After some extremely frustrating and stressful weeks we left Shanghai early in the morning for our first leg.

June 6th, 2014, 8am

We spent our last night in Shanghai at a friend’s place on the outskirts of Shanghai where there is plenty of room for us to organize and pack the car before we depart.

After a good night sleep we met our mandatory guide for the first time at about 8.15 AM. Our car only has two seats, so were hoping to be able to skip the guide after all, but that didn’t work. China provided us with a very small guide 1.50 meter tall. Yoyo is a friendly 25-year old Chinese who ideed fits perfectly in the back of our car. Although we still have no idea why we have to have a guide in our car, we could have been worse off, we feel. Yoyo seems to understand our position and doesn’t talk unnecessary. In fact she’s very helpful and doesn’t complain at all. She’s always cheerful.

That came in handy when after only about 200 kilometers of driving a warning light turned on on our dashboard. Soon after the light came on white smoke started to appear from under the hood, so we quickly pulled over at the highway. Luckily we were very close to a service area, where Yoyo immediately ran to. After 20 minutes or so she appeared again in a mechanics car. We were flabbergasted by such quick action.

With help of the service guy we managed to start our car again. Carefully and very slowly we drove to the garage at the service area. It turned out the lid on the radiator was broken and leaking which caused another lid to loosen where all the coolant escaped after which the radiator overheated. Everything was quickly fixed while we were having one of our last authentic Chinese lunches, so we didn’t lose too much time.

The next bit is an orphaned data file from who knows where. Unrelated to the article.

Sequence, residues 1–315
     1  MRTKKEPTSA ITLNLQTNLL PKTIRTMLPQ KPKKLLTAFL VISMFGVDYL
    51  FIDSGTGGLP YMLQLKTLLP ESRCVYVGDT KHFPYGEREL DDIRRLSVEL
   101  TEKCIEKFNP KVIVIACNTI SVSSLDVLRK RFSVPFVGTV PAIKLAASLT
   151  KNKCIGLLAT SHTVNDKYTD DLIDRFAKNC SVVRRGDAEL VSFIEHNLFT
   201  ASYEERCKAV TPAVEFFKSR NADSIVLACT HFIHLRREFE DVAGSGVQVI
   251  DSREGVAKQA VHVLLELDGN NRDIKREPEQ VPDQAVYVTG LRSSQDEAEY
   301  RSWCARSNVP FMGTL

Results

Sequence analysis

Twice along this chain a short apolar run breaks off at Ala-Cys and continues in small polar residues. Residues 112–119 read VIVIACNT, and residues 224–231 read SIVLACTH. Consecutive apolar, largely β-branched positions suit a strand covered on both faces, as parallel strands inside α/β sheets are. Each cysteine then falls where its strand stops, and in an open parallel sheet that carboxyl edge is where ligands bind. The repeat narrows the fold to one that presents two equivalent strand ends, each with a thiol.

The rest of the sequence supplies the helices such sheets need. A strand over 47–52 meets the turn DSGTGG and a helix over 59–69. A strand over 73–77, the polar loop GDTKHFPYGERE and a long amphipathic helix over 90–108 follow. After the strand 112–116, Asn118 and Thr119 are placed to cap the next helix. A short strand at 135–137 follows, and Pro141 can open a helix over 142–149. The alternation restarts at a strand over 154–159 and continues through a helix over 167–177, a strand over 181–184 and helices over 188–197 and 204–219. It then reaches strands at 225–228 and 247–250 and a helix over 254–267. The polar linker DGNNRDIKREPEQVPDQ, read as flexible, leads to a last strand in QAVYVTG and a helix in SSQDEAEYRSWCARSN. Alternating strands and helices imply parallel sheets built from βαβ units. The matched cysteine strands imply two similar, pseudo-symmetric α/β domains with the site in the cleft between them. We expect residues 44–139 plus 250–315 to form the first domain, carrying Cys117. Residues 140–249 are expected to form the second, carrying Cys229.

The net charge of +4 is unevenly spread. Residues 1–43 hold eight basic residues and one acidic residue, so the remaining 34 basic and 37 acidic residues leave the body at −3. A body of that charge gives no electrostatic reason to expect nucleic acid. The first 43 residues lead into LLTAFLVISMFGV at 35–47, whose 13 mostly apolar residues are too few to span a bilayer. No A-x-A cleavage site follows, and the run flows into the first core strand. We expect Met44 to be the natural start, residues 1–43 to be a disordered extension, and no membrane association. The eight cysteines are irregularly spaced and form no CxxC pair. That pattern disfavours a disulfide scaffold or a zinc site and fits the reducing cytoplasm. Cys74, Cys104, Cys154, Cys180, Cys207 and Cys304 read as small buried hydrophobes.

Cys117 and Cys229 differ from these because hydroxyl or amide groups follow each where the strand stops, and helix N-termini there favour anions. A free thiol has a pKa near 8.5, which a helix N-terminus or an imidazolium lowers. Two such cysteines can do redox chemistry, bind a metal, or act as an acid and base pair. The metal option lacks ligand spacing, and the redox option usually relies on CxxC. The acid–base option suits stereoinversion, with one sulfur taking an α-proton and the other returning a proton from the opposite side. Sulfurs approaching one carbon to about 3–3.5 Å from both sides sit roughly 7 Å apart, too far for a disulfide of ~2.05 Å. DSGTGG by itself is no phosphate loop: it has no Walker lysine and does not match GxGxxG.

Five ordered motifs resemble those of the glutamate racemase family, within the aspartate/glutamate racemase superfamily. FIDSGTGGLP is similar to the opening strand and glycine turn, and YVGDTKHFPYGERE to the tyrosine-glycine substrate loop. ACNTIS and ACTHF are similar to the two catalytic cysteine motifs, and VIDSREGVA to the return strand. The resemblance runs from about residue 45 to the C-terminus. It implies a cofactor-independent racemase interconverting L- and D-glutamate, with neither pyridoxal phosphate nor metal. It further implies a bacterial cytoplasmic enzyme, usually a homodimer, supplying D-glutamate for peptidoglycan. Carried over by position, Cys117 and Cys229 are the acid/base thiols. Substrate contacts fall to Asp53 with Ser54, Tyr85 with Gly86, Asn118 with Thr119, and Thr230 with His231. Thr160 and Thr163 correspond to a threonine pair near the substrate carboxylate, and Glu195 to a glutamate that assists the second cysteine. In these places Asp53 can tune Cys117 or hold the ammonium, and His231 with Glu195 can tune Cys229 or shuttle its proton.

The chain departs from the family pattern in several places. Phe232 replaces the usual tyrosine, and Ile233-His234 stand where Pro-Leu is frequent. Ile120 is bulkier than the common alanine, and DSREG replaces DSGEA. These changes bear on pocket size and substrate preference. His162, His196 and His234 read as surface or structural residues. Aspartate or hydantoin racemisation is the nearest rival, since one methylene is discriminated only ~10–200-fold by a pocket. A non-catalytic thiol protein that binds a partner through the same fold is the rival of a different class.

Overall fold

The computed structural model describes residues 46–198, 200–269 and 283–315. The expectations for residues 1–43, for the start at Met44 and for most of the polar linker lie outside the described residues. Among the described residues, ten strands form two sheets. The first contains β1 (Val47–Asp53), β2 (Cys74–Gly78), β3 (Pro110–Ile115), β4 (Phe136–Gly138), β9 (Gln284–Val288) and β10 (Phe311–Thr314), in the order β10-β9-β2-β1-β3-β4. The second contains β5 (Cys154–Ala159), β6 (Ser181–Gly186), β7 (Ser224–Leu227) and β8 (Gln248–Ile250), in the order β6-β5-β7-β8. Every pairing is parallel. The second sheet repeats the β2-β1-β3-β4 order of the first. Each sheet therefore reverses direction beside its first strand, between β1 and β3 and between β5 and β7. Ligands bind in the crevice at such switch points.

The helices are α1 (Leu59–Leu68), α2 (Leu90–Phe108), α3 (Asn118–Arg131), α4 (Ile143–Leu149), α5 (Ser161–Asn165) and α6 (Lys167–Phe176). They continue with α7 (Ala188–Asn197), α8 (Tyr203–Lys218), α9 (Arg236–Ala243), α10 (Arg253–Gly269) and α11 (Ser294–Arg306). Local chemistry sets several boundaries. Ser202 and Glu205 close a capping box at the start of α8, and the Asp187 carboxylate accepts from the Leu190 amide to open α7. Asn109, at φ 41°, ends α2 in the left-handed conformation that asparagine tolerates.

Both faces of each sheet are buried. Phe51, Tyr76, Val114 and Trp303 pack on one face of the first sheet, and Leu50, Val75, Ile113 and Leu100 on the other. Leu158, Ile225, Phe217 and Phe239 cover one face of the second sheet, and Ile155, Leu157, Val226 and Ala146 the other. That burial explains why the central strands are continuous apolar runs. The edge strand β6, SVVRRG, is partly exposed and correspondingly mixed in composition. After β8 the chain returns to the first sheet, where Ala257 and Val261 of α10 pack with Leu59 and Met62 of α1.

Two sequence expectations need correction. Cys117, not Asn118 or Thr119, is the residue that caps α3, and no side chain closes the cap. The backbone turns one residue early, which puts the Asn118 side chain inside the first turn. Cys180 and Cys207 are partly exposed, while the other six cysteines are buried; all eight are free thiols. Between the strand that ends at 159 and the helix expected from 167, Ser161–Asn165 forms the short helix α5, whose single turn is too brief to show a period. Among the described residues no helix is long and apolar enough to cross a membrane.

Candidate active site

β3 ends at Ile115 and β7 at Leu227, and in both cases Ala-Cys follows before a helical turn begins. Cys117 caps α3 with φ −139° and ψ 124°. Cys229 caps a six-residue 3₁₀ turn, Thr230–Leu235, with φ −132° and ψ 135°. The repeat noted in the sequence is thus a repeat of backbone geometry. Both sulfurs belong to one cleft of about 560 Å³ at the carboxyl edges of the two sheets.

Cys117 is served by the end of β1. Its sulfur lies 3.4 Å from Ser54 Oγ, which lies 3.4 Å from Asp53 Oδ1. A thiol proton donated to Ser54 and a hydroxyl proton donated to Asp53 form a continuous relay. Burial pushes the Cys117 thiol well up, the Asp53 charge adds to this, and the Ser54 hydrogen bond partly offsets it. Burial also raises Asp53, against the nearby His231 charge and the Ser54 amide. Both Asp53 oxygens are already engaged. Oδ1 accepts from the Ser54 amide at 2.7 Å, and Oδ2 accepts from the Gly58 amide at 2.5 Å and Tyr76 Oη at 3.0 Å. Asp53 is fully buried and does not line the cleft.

But it seems not everything is 100% okay, since we now think our airconditioning system is broken and might have caused some of the problems. So we try to get that fixed in Beijing, before we head into the Gobi-desert later in the week. Already temperatures here in the north are climbing to 30 grades Celsius and above.

Luckily, despite the problems today, we arrived at our desired first stop: Tai’an, a little over half way between Shanghai and Beijing. Tai’a, is a medium sized city with no particular interests. The hotel we’re staying just off the highway is very large and new but without any guests. I think we’re the first guests in the room we’re staying, so I’m amazed that the water from the shower is going everywhere except down. Brand new but broken from the start. How in earth do these things keep happening in China?

Anyway, we’re tired, but very relieved that after driving 770 kilometers today we’re in our hotel. The first day was very eventful and we attracted a lot of attention from curious Chinese, a lot of whom who wanted their picture taken with our car and sometimes with us as well. It’s a nice reminder for us how special it is to drive with a Dutch licensed car in China. The local police and toll booth operators also sometimes seem to struggle what to do with us, since their computer systems were not designed to receive a combination of numbers and letters instead of numbers only. So in most cases the toll booth operators let us through with a smile without requiring payment at all. The drive itself was a bit boring since there was not much to see along the G2, the express way from Shanghai to Beijing.

Tomorrow we head for Beijing, where we plan to stay for two nights and visit the garage again, before heading to the border with Mongolia.

David Wade said thanks.

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Bert van Dijk

Former China correspondent for Het Financieele Dagblad and De Tijd, the leading business newspapers in The Netherlands and Belgium. Now back at work in Amsterdam as a journalist after driving from Shanghai to Amsterdam through China, Mongolia, Central Asia, Iran and Eastern Europe.

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